It’s the day after a big run. Maybe you did a half marathon? Perhaps you completed a full one? Or did you hit those hills with your running club yesterday, letting your crew spur you further than you’ve ever run before?
However hard or far you ran, if you’ve woken up feeling sore and tired, then you’re probably tempted to take it easy today. Well, the good news is that you should listen to your body – always. It’s important to be gentle with yourself and allow your muscles, joints, and ligaments time to recover. Just make sure you’re choosing the right kind of easy.
You may think that laying on the couch all day is your only option, but taking your aching body for an easy run will help you more than staying still. Here’s how to do a recovery run and why it should always be a part of your recuperation process.
WHAT IS A RECOVERY RUN?
A recovery run is a form of active recovery. This may sound like a contradiction, but active recovery is essentially the use of light exercise a day or so after an intense workout. By getting the blood flowing to your muscles again, you’re aiding your recovery.
With a recovery run, you should do a short, slow session at a relaxed pace. If you find yourself sweating, picking up the pace, or trying to push yourself, then slow down or stop altogether. Think of a recovery run as a gentle, nourishing jog rather than any form of a training session.
What are a good recovery run pace and heart rate?
When you first started running, you were probably advised to stick to a conversational pace – one where you’re relaxed and could probably chat with someone if they were running alongside you. This talking pace is exactly what you should aim for with a recovery run. Ease your momentum down to roughly 60 to 90 seconds slower than how you would typically run.
This talking pace is exactly what you should aim for with a recovery run.
Focus on what you are trying to achieve with this run. Are you trying to hit your PB? Nope, that was yesterday. Today is all about nudging your body back into soft, easy movements to wake up your muscles.
The most effective way to ensure you aren’t overdoing it is to monitor your heart rate. By staying in zones 1 and 2 (60% to 70% of your maximum heart rate) and watching how your body responds, your recovery run will maintain its leisurely pace.
By using a running watch, you’ll always be aware of which heart rate zone you’re in, so you can quickly drop your pace back to an easy run if you suddenly notice you’re going too fast.
What are the benefits of doing easy recovery runs?
As discussed above, the most significant benefit of a recovery run is that it speeds up your healing after an intense run by keeping the blood flowing and your muscles loose. Running through your post-training fatigue will also give you a boost of energy that you weren’t expecting to feel and probably helping you have a better night’s sleep than if you had a sedentary recovery day. However, these aren’t the only advantages.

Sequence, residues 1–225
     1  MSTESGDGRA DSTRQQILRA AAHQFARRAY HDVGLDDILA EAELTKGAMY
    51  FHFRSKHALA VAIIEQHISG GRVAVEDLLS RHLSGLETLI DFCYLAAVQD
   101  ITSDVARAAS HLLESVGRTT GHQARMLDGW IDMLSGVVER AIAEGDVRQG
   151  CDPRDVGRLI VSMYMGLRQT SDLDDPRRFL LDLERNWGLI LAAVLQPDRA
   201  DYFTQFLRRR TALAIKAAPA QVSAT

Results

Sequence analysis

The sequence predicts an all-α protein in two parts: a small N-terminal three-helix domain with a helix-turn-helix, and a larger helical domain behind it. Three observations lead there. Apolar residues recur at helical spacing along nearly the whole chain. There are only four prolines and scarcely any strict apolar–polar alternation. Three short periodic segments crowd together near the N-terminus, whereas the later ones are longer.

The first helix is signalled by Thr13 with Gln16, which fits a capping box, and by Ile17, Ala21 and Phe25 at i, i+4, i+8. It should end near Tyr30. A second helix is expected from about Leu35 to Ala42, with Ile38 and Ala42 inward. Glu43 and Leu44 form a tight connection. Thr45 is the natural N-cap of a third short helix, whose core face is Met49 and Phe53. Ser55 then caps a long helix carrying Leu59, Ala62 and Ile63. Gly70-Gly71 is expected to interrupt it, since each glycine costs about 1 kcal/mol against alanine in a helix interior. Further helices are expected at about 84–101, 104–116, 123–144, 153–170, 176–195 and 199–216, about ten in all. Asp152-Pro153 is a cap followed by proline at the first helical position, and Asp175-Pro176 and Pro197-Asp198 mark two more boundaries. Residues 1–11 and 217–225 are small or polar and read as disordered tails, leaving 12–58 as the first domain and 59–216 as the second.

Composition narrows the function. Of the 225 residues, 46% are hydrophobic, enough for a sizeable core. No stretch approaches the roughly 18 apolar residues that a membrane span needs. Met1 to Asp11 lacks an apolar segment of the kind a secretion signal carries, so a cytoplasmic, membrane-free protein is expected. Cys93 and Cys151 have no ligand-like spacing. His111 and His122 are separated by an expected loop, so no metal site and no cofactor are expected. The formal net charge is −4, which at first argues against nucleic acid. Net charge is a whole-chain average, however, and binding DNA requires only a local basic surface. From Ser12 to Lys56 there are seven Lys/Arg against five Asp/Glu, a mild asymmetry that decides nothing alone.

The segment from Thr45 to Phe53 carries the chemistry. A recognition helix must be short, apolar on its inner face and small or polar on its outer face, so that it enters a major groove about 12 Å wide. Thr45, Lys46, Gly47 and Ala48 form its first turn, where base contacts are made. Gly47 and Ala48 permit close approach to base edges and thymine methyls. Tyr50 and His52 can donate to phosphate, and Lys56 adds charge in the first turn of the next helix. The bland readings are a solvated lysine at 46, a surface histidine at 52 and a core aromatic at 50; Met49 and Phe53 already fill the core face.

It may surprise you to learn that doing easy runs at a slow, conversational pace is something you should be doing all the time. While we may think that faster = better, slow jogs such as recovery runs can help us build endurance.
We don’t develop slow-twitch muscle fibers without slow runs, and therefore don’t develop our endurance.
Your body is composed of fast- and slow-twitch muscle fibers, which help with different parts of your run. Slow-twitch (type I) muscle fibers are what help you keep going on longer runs and workouts. Fast-twitch muscle fibers (type II) give you the boost to pick up the pace, such as at the end of the race when you suddenly need to go for it. We don’t develop slow-twitch muscle fibers without slow runs, and therefore don’t develop our endurance. So, you’re paying it forward for your next big run whenever you do a recovery run.
By slowing down the pace of your run from time to time, you’ll also have the opportunity to pay closer attention to your technique. Are you relaxed? Overstriding? Leaning forward enough? You can improve your form by using the gentler pace to observe your style more closely when doing a recovery run.
A recovery run will also help your body adapt to the stress of running. You probably pushed yourself pretty hard yesterday, so think about the impact this probably had on your tendons, ligaments, joints, and bones. By taking things easier today, you allow your musculoskeletal system to support you without constantly pushing it to the maximum.
RECOVERY RUN TIPS
- Pick a flat run: don’t go for hills or challenging trails. They are not your friend today.
- Soft surfaces for the win: concrete or asphalt roads will be hard on your feet, so choose a soft surface like grass or gravel.
- 24-hour rule: ensure your recovery run happens within the first day.
- Easy run when you need it: try a recovery run anytime you might be overtraining or feeling slightly ill. Experiencing insomnia or fatigue? Then an easy run is what you need.
- Recovery routine: make your run part of a full day of healing, including stretching, plenty of fluids, healthy foods, and a good night’s sleep.
- Listen to your body: trust that it will tell you when something is wrong, and you need to rest. You gain nothing from a recovery run if you’re injured or unwell.
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Please note that the information provided in the Polar Blog articles cannot replace individual advice from health professionals. Please consult your physician before starting a new fitness program.